But from the time you pull into the parking lot, you are treated like royalty.

After you’re all set up and the speeches are finished, you start seating people in wheelchairs. The reaction you get from the people after you have fitted them in a chair is priceless. The smiles you bring to their faces, the hugs you receive, the tears rolling down their faces. Only then can you realize that it doesn’t take much to make a huge difference in their lives. We have truly helped share their burden.

Written by, ????

What really made this a special day was the fact that nearly 2 dozen people that came for wheelchairs came to know Jesus as their Lord and Savior. Dick

Monday, February, 13, 2012
Today our team once again split into 3 groups. Dick, Pat, and a local Pastor, Orlando, went with Ralph, Jeff, Don, Pete, DL and Gordon to visit 6 local homes in Huehue. They distributed food bags and some clothing. In any language you can see people’s attitudes about their lot in life.

The first lady we visited was very unhappy, and very vocal about it. We met families later that had life way worse that were more pleasant and appreciative.

Pat and I actually liked the first lady. She was a bit of a chatterbox but understandably so since she lived all alone and seldom had anyone to talk to. In spite of a few complaints she did say that she was thankful to God for what little she did have. Pat and I figure that if we drop in and visit her more often perhaps she will run out of things to talk about so that the conversation will not be as one sided. If not I can always pull the batteries out of my hearing aids. That way they make good ear plugs. Pat can vouch for that. Dick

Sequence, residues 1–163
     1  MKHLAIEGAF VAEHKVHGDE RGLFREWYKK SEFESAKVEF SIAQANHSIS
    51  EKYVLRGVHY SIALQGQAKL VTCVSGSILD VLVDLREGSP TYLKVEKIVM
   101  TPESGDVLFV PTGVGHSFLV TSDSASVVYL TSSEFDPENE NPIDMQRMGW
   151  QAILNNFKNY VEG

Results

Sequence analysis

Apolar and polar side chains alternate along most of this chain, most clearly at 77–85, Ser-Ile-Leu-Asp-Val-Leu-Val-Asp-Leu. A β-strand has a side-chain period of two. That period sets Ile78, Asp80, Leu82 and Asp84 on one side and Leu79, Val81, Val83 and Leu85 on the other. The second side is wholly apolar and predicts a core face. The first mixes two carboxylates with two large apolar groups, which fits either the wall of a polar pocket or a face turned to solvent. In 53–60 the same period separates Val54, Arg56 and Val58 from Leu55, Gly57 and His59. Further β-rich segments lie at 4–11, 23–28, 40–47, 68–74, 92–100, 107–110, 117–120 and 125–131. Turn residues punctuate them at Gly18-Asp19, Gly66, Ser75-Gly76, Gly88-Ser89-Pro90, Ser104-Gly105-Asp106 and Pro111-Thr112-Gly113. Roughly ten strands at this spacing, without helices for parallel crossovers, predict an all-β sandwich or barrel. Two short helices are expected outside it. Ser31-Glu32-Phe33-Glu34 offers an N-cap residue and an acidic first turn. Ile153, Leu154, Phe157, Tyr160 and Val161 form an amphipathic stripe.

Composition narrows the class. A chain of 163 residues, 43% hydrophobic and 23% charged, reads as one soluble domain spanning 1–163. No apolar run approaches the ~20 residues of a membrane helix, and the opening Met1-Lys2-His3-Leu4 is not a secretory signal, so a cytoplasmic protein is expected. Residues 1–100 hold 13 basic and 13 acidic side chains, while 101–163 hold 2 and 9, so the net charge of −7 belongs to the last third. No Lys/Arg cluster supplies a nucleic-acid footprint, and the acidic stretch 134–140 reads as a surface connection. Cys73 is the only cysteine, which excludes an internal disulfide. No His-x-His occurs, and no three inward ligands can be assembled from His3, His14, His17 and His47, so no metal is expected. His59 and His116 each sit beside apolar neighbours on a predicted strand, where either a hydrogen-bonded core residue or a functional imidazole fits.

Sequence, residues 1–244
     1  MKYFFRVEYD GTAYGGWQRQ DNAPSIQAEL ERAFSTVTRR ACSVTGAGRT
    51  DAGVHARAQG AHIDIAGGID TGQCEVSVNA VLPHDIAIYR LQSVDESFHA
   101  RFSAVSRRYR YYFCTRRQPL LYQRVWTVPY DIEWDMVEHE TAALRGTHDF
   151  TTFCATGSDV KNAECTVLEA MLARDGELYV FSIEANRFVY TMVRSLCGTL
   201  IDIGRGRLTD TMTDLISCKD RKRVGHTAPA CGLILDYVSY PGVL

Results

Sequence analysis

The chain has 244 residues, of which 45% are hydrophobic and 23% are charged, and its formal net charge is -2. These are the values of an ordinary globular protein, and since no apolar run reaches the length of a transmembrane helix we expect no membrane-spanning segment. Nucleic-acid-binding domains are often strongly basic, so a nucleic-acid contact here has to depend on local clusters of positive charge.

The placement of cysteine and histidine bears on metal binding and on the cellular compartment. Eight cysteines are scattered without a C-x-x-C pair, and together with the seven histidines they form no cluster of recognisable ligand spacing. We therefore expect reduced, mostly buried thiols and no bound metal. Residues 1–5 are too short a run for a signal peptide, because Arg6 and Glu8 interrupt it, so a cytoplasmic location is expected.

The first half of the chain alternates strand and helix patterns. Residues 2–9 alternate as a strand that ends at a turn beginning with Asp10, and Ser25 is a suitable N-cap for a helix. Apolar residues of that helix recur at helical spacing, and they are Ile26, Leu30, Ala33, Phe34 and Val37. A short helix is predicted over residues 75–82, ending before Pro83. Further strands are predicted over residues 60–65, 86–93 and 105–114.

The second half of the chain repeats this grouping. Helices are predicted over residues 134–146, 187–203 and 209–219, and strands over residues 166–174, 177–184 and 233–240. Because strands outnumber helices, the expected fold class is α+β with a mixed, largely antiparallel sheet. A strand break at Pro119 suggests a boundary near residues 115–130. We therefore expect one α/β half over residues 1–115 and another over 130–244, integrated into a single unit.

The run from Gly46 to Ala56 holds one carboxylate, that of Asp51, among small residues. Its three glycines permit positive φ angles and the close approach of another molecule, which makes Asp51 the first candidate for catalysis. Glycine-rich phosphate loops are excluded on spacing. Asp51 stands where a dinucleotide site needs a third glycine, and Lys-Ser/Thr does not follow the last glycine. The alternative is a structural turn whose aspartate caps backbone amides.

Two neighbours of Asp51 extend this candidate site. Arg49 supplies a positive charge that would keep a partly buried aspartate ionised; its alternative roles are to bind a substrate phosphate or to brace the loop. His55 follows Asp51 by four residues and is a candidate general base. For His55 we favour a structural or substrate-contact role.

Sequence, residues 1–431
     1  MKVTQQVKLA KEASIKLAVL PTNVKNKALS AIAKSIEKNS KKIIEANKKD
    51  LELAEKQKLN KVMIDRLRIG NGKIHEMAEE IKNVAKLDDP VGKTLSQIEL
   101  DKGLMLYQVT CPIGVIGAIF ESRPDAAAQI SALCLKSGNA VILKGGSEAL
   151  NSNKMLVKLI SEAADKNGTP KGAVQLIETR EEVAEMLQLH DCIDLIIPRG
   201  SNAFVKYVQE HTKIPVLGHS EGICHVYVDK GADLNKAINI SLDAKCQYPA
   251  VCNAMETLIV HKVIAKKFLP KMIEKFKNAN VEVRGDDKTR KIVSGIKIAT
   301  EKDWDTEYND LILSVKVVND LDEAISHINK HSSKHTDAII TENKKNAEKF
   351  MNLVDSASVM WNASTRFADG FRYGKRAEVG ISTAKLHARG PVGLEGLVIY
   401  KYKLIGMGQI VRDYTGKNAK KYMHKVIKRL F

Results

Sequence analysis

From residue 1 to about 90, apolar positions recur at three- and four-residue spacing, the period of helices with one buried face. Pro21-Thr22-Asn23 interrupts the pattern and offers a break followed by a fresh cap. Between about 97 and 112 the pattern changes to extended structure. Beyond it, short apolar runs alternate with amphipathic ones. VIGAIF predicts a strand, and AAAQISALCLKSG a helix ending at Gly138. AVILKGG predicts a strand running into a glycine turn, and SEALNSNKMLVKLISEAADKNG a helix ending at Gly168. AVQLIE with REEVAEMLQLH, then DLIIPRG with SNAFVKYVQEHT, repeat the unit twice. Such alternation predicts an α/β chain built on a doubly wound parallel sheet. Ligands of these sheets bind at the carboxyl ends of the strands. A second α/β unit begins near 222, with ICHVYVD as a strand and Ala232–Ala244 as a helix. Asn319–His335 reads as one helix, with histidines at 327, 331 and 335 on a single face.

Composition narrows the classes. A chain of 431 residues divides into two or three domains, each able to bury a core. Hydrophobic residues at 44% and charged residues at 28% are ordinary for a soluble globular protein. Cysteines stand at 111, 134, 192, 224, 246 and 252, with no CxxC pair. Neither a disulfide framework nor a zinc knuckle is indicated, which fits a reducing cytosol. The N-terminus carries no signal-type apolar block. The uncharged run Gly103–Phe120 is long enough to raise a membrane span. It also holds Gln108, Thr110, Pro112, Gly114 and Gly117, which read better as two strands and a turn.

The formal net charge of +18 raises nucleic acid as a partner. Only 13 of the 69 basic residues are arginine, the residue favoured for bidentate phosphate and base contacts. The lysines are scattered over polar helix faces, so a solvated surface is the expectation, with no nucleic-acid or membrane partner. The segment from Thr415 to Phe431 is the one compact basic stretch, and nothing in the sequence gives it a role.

Although we originally came out to visit the lady in this picture who is holding the baby, we could not help but feel sorry for the lady that is standing between the children . She has a tumor behind her eye that will soon push her eye out of it's socket. See can not afford the $900 to have it removed so she will likely die before long. Dick

It was a food distribution, but 2 of the people Dick and Pat are going to follow up with because they need medical care. After lunch a smaller crew delivered Freddy’s medication so he wouldn’t get seizures. Only 11 switchbacks, and in a 2 wheel drive van.

The other two teams built houses. One team consisted of Ben, Saul, Jorge, Kathy, Virgi, Cindy and Loren. They said it went well.The team I (Randi) worked with today was Chris, Juan, Dan, John, Arlis, Tres and me. I must say this is the most useful I’ve felt so far. We built a house for a lady--we called her LaLa-- and her children. She was a widow and she and her oldest son purchased a plot of land where we built the house. It was hard work but very fun and fulfilling. She was there most of the day to help us with our projects. When school got out and her children came home, they were very excited—mostly about their new beds—two sets of triple bunks. Pretty soon the neighbor kids were all over to see the new place and then later on some neighbor ladies. Arlis had brought along some bracelets and candies to give out to all the kids and that was a big hit. When the building was done, we all gathered in the new house to pray—our team, LaLa and her kids, and a lot of the neighbors. Pastor Juan started the prayer and then everyone started to pray at once. I couldn’t understand the words they spoke but I could feel the power of God in the room. I feel blessed by the day I had and got to experience. God is good! And to see LaLa and her family and friends were so thankful for what we had done was also a blessing,


Pat, David, who just joined us today, and myself will be staying in Huehuetinango for a few more days but tomorrow the Bethel crew and the teem from Washington State will be heading back to Chimaltenango and then bright and early Wednesday morning the Washington group will be heading back to the USA.

Thanks teem! I am sure that the Guatemalan people that you came to serve are grateful to you, but some how I feel that you are equally as grateful to the Guatemalan people and to God for what you are taking back home with you. I am not talking about the souvenirs that you bought in the markets that will likely end up in the attic if not the garbage. I am talking about the friendships that you have made and the lessons that God has taught you while you were here. I trust that God has shown you a lot in the week that you were here, and I pray that this trip helps to strengthen your walk with Him.

Yours in Christ: Dick